Václav Benda (1946-1999) was a Czech dissident, companion of Václav Havel, and signatory of Charter 77–the political manifesto that played a pivotal role in the downfall of communism in what was once Czechoslovakia. When he wasn’t unemployed and living on benefits, Benda worked variously as a philosopher, a biologist, a mathematician, a computer programmer, a stoker, and a cow herder, among other jobs. This owed mainly to his principled opposition to the communist regime, which punished dissidents by destroying their careers. Benda was, above all, a piercing critic of socialism and totalitarianism.

Nowadays, we are living through a socialist renaissance of sorts in the West. Bernie Sanders won the hearts of young Democrats in the 2016 election, while, across the Atlantic, the unreconstructed socialist Jeremy Corbyn has captured the imagination of young Britons with his brand of 1970s nostalgia politics. Young intellectuals are especially susceptible to the socialist temptation, including some young Catholics, who apparently have no memory–or contemporary awareness–of the depredations inflicted on the Church by collectivist regimes. Benda, then, is an urgent thinker for our moment, and thanks to an anthology just published by St. Augustine’s Press, English-language readers can finally become familiar with his luminous writings.

The book will be of historical interest to students of Charter 77 and the Czech anti-communist movement. But Benda’s insights–on the nature of totalitarian regimes, on religious faith and dissident politics, and on spiritual renewal in societies shattered by dictatorship–have application far beyond the specific historical context that produced them. It is his moral thinking on socialism and “social justice” that should be especially instructive to the young comrades. When, in 1985, some supporters of Charter 77 published a statement in support of Western “peace” movements that functioned as apologists for Soviet aggression, Benda penned a furious letter denouncing their views.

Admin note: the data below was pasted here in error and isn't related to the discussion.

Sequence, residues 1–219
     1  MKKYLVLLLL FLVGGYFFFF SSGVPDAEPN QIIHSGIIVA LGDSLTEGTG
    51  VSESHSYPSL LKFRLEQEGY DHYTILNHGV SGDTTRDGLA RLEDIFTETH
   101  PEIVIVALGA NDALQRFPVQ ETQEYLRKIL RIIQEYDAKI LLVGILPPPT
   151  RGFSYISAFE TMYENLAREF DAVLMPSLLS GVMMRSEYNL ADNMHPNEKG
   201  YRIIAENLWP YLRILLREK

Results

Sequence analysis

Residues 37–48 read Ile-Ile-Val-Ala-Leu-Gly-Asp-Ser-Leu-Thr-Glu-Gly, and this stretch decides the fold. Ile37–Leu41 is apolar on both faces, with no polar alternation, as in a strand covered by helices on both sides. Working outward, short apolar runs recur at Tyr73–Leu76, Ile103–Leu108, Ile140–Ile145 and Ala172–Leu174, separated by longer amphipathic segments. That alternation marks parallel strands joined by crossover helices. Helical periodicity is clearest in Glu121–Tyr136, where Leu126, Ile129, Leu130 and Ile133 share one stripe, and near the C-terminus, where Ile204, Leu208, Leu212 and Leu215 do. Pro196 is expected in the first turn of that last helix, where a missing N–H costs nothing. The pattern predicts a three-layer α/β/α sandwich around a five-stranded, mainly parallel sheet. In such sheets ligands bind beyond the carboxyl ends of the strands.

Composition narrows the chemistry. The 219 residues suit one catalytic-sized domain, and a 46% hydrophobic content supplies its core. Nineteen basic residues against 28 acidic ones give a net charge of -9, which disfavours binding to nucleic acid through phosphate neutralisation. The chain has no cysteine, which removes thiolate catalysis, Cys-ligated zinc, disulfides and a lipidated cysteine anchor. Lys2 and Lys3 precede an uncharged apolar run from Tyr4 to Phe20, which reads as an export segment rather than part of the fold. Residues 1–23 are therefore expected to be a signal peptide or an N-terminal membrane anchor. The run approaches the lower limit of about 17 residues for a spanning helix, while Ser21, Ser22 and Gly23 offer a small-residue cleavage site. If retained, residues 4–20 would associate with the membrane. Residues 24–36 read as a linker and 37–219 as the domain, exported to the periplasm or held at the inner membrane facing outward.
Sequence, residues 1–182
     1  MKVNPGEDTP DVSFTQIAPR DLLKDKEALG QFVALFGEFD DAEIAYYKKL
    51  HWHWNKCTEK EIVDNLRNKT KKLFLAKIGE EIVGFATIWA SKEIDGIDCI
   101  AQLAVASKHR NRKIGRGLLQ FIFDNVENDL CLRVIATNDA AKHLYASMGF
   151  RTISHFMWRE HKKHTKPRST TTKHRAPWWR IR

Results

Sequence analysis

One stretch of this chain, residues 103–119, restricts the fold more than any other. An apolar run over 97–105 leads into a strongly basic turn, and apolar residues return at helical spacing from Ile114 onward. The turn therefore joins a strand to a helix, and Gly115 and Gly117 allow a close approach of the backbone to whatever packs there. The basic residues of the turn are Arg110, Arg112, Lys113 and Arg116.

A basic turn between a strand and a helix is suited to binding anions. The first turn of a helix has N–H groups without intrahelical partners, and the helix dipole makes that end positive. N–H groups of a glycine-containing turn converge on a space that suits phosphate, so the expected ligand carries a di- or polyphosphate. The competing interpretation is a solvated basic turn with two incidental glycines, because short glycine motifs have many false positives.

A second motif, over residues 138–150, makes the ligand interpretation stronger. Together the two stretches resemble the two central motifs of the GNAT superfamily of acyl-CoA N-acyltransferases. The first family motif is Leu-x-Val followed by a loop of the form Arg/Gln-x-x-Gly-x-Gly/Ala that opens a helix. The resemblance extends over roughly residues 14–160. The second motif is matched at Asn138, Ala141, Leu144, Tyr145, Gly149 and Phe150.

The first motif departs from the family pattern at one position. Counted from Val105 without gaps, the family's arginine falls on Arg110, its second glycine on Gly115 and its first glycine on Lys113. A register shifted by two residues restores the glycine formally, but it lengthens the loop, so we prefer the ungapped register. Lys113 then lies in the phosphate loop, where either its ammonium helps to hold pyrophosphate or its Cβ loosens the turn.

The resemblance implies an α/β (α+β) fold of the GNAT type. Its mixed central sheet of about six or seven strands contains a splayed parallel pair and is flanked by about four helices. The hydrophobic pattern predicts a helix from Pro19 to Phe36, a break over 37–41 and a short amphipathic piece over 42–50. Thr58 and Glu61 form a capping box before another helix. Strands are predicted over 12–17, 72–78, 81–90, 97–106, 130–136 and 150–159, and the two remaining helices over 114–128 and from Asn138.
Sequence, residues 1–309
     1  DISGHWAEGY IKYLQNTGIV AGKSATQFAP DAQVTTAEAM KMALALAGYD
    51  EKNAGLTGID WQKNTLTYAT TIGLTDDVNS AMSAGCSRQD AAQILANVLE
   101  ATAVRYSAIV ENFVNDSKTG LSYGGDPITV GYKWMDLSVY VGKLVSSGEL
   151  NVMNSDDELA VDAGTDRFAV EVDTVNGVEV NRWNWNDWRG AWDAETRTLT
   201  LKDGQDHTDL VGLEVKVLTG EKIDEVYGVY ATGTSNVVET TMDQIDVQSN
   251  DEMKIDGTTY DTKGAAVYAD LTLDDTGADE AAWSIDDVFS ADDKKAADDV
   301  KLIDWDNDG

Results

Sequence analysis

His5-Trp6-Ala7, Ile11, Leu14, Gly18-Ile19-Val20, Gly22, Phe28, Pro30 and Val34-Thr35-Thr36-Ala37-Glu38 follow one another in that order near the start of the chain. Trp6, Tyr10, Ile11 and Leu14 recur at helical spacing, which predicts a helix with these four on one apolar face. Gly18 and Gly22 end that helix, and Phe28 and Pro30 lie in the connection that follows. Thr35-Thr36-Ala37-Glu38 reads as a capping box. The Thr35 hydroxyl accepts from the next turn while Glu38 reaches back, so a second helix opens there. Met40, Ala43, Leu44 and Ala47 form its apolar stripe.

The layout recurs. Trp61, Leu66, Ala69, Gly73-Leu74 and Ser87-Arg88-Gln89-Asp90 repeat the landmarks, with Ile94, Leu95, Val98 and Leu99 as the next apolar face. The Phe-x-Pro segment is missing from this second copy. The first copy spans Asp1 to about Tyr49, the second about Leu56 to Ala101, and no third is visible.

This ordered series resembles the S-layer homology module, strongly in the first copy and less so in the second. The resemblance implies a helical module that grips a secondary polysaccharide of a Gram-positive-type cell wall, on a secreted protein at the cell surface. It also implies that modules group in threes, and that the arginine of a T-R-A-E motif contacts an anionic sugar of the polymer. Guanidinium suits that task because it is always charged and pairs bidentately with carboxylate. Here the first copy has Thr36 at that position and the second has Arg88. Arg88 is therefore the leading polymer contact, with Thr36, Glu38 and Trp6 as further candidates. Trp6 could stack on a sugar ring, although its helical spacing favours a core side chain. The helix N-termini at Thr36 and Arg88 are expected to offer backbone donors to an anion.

“Whoever tolerates social inequality or even increases it,” the errant 77’ers had written, “is responsible for hunger and poverty.” Benda meticulously and utterly dismantled this proposition, and it is worth quoting his comments at some length:

In Europe, the countries where hunger and poverty are burning issues are Poland, Romania and maybe the USSR; that is, countries which vehemently proclaim and forcefully implement the requirements of social equality. . . . Denying social inequality always inevitably means also the denial fundamental human and civil rights and freedoms. This is not an accident brought about by the imperfection of previous projects of social equality or those who realized them; social equality represents the liquidation of societas, the polis, its transformation into a shapeless, nonsensical and in the end permanently enslaved mass of individuals, dispossessed of their generally useful freedoms, of their human dignity and values and of their rights and privileges. Not even in the Kingdom of Christ (disregarding that any attempt to establish it by human force alone leads to destructive consequences) will there be equality in this sense: there will be places on the right and on the left, on the steps of the throne or nearby–although their allocation will be directed by other than earthly criteria, and the last will be first. . . .

I cannot see even a grain of good in Socialist ideas; the more they resemble some other reasonable and humanly justified ideas or feelings in some respects, the more they are unacceptable and destructive. The whole concept is so perverse that it completely spoils any elements of truth while it uses their appeal to deceive less experienced minds and less assured hearts. . . . It seduces and is still capable of seducing many to very effective and very unfortunate activity. If, for lack of space, I have to choose a slogan as well, I would formulate my position thus: to oppose all Socialist ideas and fabrications untiringly and completely mercilessly; especially to unmask preemptively every camouflage which could enable it to rise again from the ashes. . . .

Benda felt this hatred of socialism in his bones. Two years earlier, he had been released from a half-decade stint in prison for the political “crime” of promoting Charter 77. Let’s hope the young writers who pine for socialism while living in the comfort of Islington, Dupont Circle, and Midtown West never have to suffer what Benda and his fellow dissidents suffered for freedom.

Václav Benda
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